Since I put forward
my own planfor a “grand bargain” on fiscal policy last week, I’ve had a lot of people tell me it’s a nonstarter — but relatively few tell me that they, personally, wouldn’t take the deal.
I’m pretty sure I’ve found the only way to break the impasse in Washington and make our government work again.
I was struck to see that my plan meets all the major specifications that House Budget Committee Chairman Paul Ryan (R-Wis.) laid out in his Wall Street Journal op-ed last night, describing the deal Republicans want:
- “Structural reforms to entitlement programs”? My plan has that: chained CPI to reduce the growth of Social Security benefits and a Medicare reform in line with Ryan’s campaign plan from 2012. It also cuts the cost of Obamacare benefits (more on that later).
- Tax reform to “broaden the base, lower rates, and simplify the tax code”? My plan does that: Limiting tax exclusions for health insurance and tax deductions for high earners, and using the proceeds to repeal nearly all the tax provisions of Obamacare, which would mean a cut in the top tax rates on both ordinary income and capital gains. My plan also adds $US500 to the Child Credit, helping middle-class families. And my plan is a net tax cut overall.
- “Get a down payment on the debt.” My plan does that, too, cutting the deficit by $US200 billion over 10 years.
Here’s the key insight behind my plan. We haven’t gotten a “grand bargain” because Republicans will not raise taxes. A grand bargain will only happen once Democrats come up with a way to do it without raising taxes.
A lot of Democrats think this year’s fiscal cliff deal showed that Republicans can be cornered into backing a tax increase. They’re wrong. Republicans agreed to a tax-increasing deal because they were trapped by the law and had no option that didn’t involve a tax increase. If taxes aren’t already scheduled to go up without congressional action, Republicans will block any grand bargain that raises taxes.
Democrats usually say that a grand bargain has to raise taxes. This has turned almost into a psychodrama. Democrats don’t just want higher taxes, they want Republicans to admit that higher taxes are necessary for the long term fiscal outlook.
That’s a failure of creativity. The public debt is scheduled to stabilise over the next 10 years as a share of the economy, and we don’t need a lot more deficit reduction. In that environment, aren’t there any other deficit reducing measures that liberals really like, that they could take in lieu of a tax increase?
I can think of at least two. Comprehensive immigration reform would reduce the deficit by about $US200 billion over 10 years. A Medicare-based public option in the Obamacare exchanges would save about $US150 billion. Liberals often advocate these ideas, but never as part of fiscal negotiations. Why? Aren’t they even better for serving progressive goals than a tax increase on the rich?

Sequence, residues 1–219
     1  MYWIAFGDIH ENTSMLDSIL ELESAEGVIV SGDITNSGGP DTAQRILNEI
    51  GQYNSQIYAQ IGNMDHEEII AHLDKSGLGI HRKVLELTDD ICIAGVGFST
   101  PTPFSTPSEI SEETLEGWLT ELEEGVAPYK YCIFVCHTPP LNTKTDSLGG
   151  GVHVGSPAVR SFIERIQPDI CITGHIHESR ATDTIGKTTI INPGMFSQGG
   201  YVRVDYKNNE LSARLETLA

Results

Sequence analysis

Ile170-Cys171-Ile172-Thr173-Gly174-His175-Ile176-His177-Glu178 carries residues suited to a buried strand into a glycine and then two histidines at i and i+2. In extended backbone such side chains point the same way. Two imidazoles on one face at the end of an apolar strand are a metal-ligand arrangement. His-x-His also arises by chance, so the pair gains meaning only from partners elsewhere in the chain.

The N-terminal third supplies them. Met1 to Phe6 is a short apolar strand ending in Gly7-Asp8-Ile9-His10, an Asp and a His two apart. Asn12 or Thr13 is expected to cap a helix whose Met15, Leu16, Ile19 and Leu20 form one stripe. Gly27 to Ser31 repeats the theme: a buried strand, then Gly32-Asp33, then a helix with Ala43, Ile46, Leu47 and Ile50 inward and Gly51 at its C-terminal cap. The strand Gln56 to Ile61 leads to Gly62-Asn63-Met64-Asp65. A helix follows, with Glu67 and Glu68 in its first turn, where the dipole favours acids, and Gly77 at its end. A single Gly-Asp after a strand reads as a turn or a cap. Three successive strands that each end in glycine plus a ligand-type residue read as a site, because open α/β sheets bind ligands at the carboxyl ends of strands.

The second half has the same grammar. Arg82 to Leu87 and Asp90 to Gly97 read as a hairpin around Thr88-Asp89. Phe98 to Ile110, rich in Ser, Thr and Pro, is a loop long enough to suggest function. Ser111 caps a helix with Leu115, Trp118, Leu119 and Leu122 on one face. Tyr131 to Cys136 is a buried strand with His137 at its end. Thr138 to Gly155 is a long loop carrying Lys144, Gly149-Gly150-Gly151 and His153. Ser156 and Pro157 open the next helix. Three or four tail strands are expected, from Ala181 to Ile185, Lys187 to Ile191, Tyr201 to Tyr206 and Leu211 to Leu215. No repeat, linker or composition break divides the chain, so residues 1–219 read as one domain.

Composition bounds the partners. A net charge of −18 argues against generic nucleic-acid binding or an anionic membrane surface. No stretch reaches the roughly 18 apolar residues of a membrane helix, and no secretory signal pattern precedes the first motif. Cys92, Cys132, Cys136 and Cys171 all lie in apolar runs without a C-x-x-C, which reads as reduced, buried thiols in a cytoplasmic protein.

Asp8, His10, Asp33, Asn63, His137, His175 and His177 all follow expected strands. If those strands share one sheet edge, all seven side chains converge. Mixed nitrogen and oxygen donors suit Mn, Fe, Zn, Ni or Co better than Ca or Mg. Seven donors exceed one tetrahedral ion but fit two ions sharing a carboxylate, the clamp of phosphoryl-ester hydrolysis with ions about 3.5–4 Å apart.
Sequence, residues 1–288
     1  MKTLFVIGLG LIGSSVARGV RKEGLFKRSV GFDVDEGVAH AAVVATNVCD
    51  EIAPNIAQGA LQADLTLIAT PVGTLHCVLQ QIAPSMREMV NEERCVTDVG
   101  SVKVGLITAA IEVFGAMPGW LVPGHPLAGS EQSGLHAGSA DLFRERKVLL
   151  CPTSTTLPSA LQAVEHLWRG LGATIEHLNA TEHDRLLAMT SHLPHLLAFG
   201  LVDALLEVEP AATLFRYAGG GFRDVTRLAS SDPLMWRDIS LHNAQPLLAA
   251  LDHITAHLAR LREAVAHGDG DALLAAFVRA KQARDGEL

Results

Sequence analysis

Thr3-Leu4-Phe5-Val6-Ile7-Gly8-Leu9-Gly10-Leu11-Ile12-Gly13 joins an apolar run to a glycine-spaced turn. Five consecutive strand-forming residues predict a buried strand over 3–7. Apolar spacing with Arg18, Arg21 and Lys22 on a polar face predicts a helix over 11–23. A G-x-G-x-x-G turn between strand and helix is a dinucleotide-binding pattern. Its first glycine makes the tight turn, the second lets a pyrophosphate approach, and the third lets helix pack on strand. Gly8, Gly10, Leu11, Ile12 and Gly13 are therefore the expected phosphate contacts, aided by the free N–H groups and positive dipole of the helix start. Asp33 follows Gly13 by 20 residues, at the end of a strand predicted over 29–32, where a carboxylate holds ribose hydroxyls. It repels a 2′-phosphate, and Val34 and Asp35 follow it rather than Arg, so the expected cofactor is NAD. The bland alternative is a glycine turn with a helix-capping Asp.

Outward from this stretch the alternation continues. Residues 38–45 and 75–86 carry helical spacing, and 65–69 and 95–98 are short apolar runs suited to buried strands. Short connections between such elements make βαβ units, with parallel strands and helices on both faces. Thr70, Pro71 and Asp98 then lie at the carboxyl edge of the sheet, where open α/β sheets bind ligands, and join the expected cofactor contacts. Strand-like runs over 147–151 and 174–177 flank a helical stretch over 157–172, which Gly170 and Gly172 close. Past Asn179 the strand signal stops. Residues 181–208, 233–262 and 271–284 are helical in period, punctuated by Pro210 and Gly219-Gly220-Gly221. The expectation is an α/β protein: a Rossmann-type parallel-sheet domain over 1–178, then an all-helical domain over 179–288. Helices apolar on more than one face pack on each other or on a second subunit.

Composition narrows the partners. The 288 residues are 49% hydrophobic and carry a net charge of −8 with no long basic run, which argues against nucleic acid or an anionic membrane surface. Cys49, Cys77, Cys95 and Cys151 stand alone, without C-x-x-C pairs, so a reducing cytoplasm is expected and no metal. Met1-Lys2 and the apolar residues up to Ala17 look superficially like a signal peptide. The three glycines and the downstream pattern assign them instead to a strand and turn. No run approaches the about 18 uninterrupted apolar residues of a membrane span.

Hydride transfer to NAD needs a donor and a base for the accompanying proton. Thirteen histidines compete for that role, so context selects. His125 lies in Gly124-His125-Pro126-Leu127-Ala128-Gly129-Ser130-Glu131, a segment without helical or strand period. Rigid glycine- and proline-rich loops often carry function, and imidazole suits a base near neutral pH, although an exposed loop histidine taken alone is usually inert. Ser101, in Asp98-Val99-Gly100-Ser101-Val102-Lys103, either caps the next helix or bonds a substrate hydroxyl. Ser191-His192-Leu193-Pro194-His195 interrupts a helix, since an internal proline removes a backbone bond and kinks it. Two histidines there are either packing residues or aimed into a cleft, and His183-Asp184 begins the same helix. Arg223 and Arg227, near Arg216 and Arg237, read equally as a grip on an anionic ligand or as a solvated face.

If the grand bargain includes those two measures, the resulting $US350 billion in deficit reduction creates room for tax reform to achieve both Democratic goals (increased progressivity, middle-class tax relief) and Republican goals (lower tax rates, less revenue).
Would Republicans go for immigration reform and a public option? I think they might. A lot of parts of the Republican establishment, including Ryan, already favour immigration reform on its own terms. It would look even better if they got other polices they want in exchange.
Republicans strongly dislike the public option, but they’d be getting something major in return: Medicare reform that increases the private role in that program. Effectively, Medicare and Obamacare would become programs offering similar public and private insurance products at different levels of subsidy. Either side can spin this as an advancement of their ideological agenda.
And that last part is the key. If we get a four- to six-week delay of the debt ceiling and a temporary reopening of the government, both sides will be looking for a way to save face and cut a deal they can call a win. My plan offers that.
Speaker John Boehner has presided over a shambles of a legislative body for the last three years. He would probably like to have some actual conservative policy accomplishments to show for his efforts, and my plan would give him three: Medicare reform, the repeal of almost all Obamacare taxes, and a much higher child credit.
President Obama would like to do something other than lurch from fiscal crisis to fiscal crisis; this plan would finally establish some bipartisan agreement over fiscal policy and allow him to focus on other things. And it would get Republicans to buy into the idea that Obamacare is sticking around.
My plan might sound crazy. But it’s not as crazy as what we’re doing right now.
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